The Routledge Handbook of American Military and Diplomatic History
1865 to the Present
The Routledge Handbook of U.S. Military and Diplomatic History provides a comprehensive analysis of the major events, conflicts, and personalities that have defined and shaped the military history of the United States in the modern period. Each chapter begins with a brief introductory essay that provides context for the topical essays that follow by providing a concise narrative of the period, highlighting some of the scholarly debates and interpretive schools of thought as well as the current state of the academic field. Starting after the Civil War, the chapters chronicle America's rise toward empire, first at home and then overseas, culminating in September 11, 2001 and the War on Terror.
With authoritative and vividly written chapters by both leading scholars and new talent, maps and illustrations, and lists of further readings, this state-of-the-field handbook will be a go-to reference for every American history scholar's bookshelf.
Table of Contents
Chapter 01 Introduction, Antonio S. Thompson, Christos G. Frentzos; Part 1 Post-Civil War American Expansion at Home and Abroad; Chapter 02 Westward Expansion and U.S. Overseas Empire: 1865–1898, Anne Paulet; Chapter 03 Buffalo Soldiers on the Western Frontier, Brian G. Shellum; Chapter 04 U.S. Overseas Expansion in the Post-Civil War Era, Stephen McCullough; Part 02 The Spanish–American War and U.S. Overseas Expansion; Chapter 05 The Spanish–American War and the Development of U.S. Imperialism, Thomas Schoonover; Chapter 06 The Philippine–American War and the Birth of U.S. Colonialism in Asia, Frank Schumacher; Chapter 07 The Platt Amendment and U.S. Occupation Policies in Latin America, Cyrus Veeser; Part 03 The First World War and its Aftermath; Chapter 08 The United States in the First World War and the Treaty of Versailles: 1914–1919, Justus D. Doenecke; Chapter 09 Allied Coalition Warfare During the First World War, Brian Neumann; Chapter 10 Native American Soldiers in World War I, Thomas A. Britten; Chapter 11 Woodrow Wilson’s Fourteen Points and the League of Nations, Ross A. Kennedy; Part 04 America Between the World Wars; Chapter 12 The United States During the Interwar Years, Kenneth Weisbrode; Chapter 13 The Age of Disengagement and Disarmament, Benjamin D. Rhodes; Chapter 14 U.S. Military Planning During the Interwar Period, Lon Strauss; Part 05 America and the Second World War; Chapter 15 The United States in the Second World War, Gerhard L. Weinberg; Chapter 16 Roosevelt, Churchill, Stalin, and the Second Front, James D. Perry; Chapter 17 The Atomic Bombing of Japan, Robert Buzzanco; Chapter 18 American Women in World War II, Kara Dixon Vuic; Chapter 19 The Housing of Axis Prisoners of War in the U.S. During World War II, Antonio S. Thompson; Part 06 The United States and the Early Cold War; Chapter 20 The Origins of the Cold War at Home and Abroad, Günter Bischof; Chapter 21 The Soviet Union, the United States and Eastern Europe: 1941–1953, Laszlo Borhi; Chapter 22 U.S. Occupation Policy and Nation Building in Germany and Japan, James F. Dobbins; Chapter 23 The Cold War at Home, K.A. Cuordileone; Part 07 The Korean War and its Aftermath; Chapter 24 The Korean War, 1950–1953, James I. Matray; Chapter 25 UN Coalition Warfare During the Korean War, Jeffrey Grey; Chapter 26 Warfare and Nation Building in the Republic of Korea: 1953–1973, Christos G. Frentzos; Part 08 The Vietnam War; Chapter 27 The Vietnam War, 1945–1975, George C. Herring; Chapter 28 The Myth of an American Attrition Strategy in the Vietnam War, Gregory A. Daddis; Chapter 29 “Shaky as All Hell”, James M. Carter; Chapter 30 The Soldier’s Experience in Vietnam, Ron Milam; Part 09 U.S. Clandestine Operations and the Cold War on the Periphery; Chapter 31 The Cold War on the Periphery: 1953–1989, Michael J. SullivanIII; Chapter 32 Eisenhower, Kennedy, and the CIA, Joe Renouard; Chapter 33 U.S. Clandestine Operations in Chile, Lubna Z. Qureshi; Chapter 34 U.S. Troops as an Instrument in Foreign Policy, Kyle Longley; Part 10 America and Post Cold War Interventions; Chapter 35 Post Cold War Conflicts, Sean N. Kalic; Chapter 36 Operation Just Cause, Barry Mowell; Chapter 37 The Participation of American Servicewomen in Operation Desert Storm, Emerald M. Archer; Chapter 38 U.S. Troops in Non-Traditional Roles, Keith Pomakoy; Part 11 September 11, 2001 and its Aftermath; Chapter 39 September 11, 2001 and the War on Terror, Martin Loicano; Chapter 40 Operation Enduring Freedom, Kevin W. Farrell; Chapter 41 Operation Iraqi Freedom, Alexander Alderson;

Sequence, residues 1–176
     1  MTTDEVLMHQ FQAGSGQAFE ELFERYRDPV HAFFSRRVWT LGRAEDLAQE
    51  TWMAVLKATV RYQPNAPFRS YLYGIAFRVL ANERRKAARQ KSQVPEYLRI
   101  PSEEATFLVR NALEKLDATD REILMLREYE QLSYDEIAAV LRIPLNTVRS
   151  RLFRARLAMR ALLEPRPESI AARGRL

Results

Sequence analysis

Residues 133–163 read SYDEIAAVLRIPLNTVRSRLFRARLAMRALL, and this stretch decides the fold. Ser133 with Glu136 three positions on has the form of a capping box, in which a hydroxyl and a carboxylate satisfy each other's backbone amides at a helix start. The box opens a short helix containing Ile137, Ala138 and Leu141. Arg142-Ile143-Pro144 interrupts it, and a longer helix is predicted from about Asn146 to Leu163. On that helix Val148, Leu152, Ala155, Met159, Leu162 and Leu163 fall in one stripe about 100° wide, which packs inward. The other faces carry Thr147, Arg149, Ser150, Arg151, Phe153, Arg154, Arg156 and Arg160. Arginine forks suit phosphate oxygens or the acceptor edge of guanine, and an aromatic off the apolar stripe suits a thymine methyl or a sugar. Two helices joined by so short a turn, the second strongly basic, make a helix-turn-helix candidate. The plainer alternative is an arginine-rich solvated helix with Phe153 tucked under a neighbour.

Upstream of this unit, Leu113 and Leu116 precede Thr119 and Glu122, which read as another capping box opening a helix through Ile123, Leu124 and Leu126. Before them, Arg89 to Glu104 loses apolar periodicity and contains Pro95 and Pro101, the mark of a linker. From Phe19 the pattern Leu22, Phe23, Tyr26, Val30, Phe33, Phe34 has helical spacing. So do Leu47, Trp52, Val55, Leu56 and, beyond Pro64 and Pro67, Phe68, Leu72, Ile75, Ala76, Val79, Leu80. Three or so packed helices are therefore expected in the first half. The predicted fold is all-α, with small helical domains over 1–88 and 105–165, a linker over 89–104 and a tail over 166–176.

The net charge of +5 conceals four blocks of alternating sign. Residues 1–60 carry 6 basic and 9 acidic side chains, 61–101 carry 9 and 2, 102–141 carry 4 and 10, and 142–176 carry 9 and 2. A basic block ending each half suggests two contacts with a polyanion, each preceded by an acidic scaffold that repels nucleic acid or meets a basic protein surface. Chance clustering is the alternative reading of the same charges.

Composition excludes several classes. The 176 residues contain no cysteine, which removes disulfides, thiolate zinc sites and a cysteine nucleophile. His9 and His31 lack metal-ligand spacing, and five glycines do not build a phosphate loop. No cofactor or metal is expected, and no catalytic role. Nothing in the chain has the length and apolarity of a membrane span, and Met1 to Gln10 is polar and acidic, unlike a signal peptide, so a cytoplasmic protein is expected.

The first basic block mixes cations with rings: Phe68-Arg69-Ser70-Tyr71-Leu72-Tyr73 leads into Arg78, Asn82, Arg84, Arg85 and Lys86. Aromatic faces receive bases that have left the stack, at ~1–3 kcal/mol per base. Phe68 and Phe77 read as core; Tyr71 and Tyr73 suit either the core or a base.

Christos G. Frentzos is Associate Professor of History at Austin Peay State University.
Antonio S. Thompson Associate Professor of History at Austin Peay State University.
The Routledge Handbook of American Military and Diplomatic History is clear, up-to-date, wideranging and interesting. The melding of military and diplomatic history works very well and the book deserves widespread attention.
– Jeremy Black, author of Introduction to Global Military History
This excellent, well-edited volume combines clearly told narratives of U.S. foreign and military policies, from the post-Civil-War era to the 21st-century invasions of Afghanistan and Iraq, with informed discussions of the evolving scholarship through which informed Americans viewed the 150 years when they moved from conquering a continent to trying to reshape large parts of the world. It deserves a wide audience ranging from students and general readers, just beginning serious study of these policies, to advanced graduate students and faculty who debate, sometimes heatedly, the changing contexts and interpretations of those historic policies.
– Walter LaFeber, author of The American Age: U.S. Foreign Policy at Home and Abroad
"The editors are to be congratulated on what they have accomplished, in terms of compiling a coherent, interesting and well-written volume, not the easiest of tasks when coordinating forty contributors."
-Priscilla Roberts, University of Hong Kong in Diplomacy & Statecraft